The two companies in June had voluntarily agreed to put the search deal on hold for three and a half months in order to give the Justice Department time to scrutinize it. And the Justice Department is apparently doing just that by hiring former Walt Disney vice chairman Sanford Litvack, according to the Wall Street Journal.
Litvack, who served as an antitrust chief under President Jimmy Carter, is supposedly examining evidence collected so far on the deal in preparation for a challenge if the Justice Department decides to move forward with one, according to the Journal.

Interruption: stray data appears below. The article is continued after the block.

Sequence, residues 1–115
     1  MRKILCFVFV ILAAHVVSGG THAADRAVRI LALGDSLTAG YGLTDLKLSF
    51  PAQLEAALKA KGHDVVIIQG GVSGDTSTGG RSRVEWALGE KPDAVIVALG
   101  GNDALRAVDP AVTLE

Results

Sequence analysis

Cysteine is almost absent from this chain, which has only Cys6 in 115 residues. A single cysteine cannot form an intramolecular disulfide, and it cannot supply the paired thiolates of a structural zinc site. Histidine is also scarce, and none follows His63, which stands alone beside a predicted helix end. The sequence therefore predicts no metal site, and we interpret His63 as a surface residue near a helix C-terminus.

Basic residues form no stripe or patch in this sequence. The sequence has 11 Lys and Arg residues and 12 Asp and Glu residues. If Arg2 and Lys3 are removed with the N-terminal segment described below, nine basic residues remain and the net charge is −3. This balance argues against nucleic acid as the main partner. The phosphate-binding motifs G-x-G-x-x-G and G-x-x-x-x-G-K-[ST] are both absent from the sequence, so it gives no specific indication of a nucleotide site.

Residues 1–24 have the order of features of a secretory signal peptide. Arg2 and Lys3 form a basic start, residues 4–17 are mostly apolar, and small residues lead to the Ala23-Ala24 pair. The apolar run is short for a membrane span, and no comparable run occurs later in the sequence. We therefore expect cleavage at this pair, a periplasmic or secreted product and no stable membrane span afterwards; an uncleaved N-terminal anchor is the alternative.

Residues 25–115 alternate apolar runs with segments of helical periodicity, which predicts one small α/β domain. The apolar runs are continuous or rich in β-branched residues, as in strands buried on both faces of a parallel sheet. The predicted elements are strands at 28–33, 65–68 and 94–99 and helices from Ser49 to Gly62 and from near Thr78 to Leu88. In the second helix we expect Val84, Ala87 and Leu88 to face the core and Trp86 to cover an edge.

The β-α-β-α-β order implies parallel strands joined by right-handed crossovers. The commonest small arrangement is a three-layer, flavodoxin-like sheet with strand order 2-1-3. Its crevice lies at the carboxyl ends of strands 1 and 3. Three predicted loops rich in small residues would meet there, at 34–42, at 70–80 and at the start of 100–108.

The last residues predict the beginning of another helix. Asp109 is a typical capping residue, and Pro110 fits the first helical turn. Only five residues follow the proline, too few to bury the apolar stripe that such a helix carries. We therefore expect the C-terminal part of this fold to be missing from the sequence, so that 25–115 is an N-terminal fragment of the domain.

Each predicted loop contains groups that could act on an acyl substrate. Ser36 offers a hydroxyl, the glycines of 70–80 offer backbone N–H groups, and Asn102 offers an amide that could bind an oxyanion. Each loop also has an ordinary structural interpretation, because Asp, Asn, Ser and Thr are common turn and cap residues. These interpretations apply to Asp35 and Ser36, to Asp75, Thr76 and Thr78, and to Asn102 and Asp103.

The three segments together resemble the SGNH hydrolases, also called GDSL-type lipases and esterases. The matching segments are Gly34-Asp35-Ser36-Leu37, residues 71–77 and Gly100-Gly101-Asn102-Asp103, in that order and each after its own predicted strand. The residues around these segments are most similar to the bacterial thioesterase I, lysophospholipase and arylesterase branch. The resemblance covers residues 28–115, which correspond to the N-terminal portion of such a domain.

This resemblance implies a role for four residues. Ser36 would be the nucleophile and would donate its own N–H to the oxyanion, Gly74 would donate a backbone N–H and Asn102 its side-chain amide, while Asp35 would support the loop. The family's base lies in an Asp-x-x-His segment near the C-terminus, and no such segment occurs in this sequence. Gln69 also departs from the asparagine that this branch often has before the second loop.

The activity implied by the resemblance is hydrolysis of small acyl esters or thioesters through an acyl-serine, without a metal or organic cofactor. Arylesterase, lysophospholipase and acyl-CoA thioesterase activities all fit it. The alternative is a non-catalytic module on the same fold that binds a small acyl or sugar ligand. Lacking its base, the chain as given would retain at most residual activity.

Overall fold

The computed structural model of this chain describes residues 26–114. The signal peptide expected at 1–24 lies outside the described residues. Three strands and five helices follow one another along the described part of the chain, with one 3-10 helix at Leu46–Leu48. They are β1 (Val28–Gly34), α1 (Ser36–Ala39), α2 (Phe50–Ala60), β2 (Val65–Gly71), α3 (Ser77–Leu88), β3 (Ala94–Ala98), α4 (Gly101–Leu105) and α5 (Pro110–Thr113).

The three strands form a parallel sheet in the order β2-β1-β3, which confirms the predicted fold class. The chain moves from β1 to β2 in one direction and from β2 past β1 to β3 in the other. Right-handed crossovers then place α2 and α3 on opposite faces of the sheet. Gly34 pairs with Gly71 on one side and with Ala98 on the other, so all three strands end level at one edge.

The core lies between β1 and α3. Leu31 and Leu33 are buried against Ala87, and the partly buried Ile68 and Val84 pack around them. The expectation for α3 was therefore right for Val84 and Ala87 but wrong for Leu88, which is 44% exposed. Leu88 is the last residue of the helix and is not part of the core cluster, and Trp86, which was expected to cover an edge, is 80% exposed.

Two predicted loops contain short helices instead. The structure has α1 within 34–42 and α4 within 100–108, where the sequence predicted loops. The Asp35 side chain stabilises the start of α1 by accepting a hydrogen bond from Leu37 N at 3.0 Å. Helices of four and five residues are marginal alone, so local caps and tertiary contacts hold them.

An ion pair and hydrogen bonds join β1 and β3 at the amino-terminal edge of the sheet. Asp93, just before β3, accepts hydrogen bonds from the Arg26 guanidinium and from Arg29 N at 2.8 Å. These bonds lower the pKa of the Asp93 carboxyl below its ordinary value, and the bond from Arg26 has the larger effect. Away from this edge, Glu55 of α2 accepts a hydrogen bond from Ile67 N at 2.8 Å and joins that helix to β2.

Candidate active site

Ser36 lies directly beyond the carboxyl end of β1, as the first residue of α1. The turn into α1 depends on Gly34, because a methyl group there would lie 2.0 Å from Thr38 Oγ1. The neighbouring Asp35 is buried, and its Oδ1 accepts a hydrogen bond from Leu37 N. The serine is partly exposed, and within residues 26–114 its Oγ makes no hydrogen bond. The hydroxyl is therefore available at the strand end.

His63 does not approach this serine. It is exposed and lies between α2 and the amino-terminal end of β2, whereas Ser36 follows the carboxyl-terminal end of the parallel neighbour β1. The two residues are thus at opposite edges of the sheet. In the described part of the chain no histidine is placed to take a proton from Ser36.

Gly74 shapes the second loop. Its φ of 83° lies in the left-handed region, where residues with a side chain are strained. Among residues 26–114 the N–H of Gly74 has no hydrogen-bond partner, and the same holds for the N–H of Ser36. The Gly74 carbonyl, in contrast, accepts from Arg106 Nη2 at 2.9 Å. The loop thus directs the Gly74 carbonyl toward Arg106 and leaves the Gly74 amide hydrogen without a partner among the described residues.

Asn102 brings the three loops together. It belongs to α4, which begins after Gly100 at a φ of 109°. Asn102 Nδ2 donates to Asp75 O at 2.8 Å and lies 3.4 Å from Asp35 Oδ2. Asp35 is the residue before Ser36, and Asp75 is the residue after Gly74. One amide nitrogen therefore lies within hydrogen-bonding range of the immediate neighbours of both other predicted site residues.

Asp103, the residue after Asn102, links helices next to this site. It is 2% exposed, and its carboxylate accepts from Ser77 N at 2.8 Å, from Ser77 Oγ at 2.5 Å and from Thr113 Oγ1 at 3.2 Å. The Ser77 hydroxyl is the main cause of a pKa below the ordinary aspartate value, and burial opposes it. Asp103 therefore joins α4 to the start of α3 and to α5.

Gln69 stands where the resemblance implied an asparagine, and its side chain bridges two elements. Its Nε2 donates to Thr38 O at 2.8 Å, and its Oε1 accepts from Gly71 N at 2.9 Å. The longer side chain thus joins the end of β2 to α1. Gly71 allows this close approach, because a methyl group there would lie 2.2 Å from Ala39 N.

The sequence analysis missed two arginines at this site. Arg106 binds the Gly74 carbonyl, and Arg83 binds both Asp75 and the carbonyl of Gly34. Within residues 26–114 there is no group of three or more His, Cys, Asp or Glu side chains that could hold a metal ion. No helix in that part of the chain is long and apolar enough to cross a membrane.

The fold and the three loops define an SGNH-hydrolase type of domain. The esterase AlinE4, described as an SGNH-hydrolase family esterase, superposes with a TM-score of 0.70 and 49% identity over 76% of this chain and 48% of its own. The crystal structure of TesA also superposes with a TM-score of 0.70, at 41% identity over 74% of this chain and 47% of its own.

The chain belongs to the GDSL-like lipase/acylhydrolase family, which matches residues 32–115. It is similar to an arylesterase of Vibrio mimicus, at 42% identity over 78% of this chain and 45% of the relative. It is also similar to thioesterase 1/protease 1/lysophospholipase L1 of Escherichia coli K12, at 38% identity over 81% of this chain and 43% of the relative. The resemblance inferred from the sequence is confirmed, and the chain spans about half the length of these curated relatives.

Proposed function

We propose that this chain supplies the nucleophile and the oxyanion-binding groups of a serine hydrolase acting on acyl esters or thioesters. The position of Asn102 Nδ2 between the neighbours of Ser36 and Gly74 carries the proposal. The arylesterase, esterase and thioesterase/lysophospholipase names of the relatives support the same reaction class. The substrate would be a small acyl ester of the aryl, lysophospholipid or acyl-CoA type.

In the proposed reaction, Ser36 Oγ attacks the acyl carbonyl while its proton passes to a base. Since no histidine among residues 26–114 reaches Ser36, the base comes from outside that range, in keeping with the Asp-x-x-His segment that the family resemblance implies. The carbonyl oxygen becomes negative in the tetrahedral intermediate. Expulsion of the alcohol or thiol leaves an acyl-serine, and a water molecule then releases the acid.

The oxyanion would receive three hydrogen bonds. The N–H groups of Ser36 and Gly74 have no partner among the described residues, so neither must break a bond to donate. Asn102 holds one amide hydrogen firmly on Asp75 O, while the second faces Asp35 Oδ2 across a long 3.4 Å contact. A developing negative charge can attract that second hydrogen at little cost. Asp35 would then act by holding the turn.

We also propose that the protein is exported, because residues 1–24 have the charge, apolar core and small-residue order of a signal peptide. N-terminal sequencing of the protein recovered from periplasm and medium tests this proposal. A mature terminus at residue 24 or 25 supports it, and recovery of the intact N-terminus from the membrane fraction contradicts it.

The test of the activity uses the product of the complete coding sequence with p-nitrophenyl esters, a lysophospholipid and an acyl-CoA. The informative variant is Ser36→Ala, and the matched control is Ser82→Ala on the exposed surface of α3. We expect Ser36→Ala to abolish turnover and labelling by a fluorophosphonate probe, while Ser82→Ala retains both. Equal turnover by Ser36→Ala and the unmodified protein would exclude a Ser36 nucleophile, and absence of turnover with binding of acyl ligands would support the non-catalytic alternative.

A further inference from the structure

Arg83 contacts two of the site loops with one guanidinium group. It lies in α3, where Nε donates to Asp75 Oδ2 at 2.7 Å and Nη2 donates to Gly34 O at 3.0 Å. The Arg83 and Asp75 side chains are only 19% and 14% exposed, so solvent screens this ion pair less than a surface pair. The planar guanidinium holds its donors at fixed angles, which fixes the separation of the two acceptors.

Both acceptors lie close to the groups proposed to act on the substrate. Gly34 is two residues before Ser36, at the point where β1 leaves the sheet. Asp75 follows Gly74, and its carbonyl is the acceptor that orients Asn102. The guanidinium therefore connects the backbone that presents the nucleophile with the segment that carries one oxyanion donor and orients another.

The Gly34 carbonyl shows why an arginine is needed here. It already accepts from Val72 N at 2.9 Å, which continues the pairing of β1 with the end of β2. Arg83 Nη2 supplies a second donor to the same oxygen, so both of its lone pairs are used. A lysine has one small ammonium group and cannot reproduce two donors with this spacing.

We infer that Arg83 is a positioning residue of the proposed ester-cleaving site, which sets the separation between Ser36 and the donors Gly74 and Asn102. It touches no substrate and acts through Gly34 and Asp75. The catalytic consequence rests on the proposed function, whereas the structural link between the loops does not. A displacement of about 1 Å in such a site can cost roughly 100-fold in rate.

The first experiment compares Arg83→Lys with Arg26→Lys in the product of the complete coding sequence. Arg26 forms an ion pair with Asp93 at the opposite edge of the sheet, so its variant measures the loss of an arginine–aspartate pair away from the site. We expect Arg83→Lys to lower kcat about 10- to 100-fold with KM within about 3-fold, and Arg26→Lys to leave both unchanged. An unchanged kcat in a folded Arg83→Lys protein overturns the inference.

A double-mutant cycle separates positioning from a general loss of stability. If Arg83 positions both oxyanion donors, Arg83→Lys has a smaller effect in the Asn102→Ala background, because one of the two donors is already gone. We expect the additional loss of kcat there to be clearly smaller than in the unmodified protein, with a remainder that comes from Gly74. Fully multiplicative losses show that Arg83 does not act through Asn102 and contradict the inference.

Google on Tuesday issued a statement in response to the report."We voluntarily delayed implementation of this arrangement to give the Department of Justice time to understand it, and we continue to work cooperatively with them," the company said. "While there has been a lot of speculation about this agreement's potential impact on advertisers or ad prices, we think it would be premature for regulators to halt the agreement before we implement it and everyone can judge the actual impact. "We are confident that the arrangement is beneficial to competition, but we are not going to discuss the details of the regulatory process." Yahoo! also put out a statement defending the search deal: "We have been informed that the Justice Department, as they sometimes do, is seeking advice from an outside consultant, but that we should read nothing into that fact. We remain confident that the deal is lawful and that when the federal and state regulators with whom we have been working see it in action, they will find it to be pro-competitive and good for the marketplace." Google's Chief Executive Eric Schmidt told Bloomberg television late last month that the company planned to move ahead with the search deal in early October even if it hadn't received regulatory approval by then.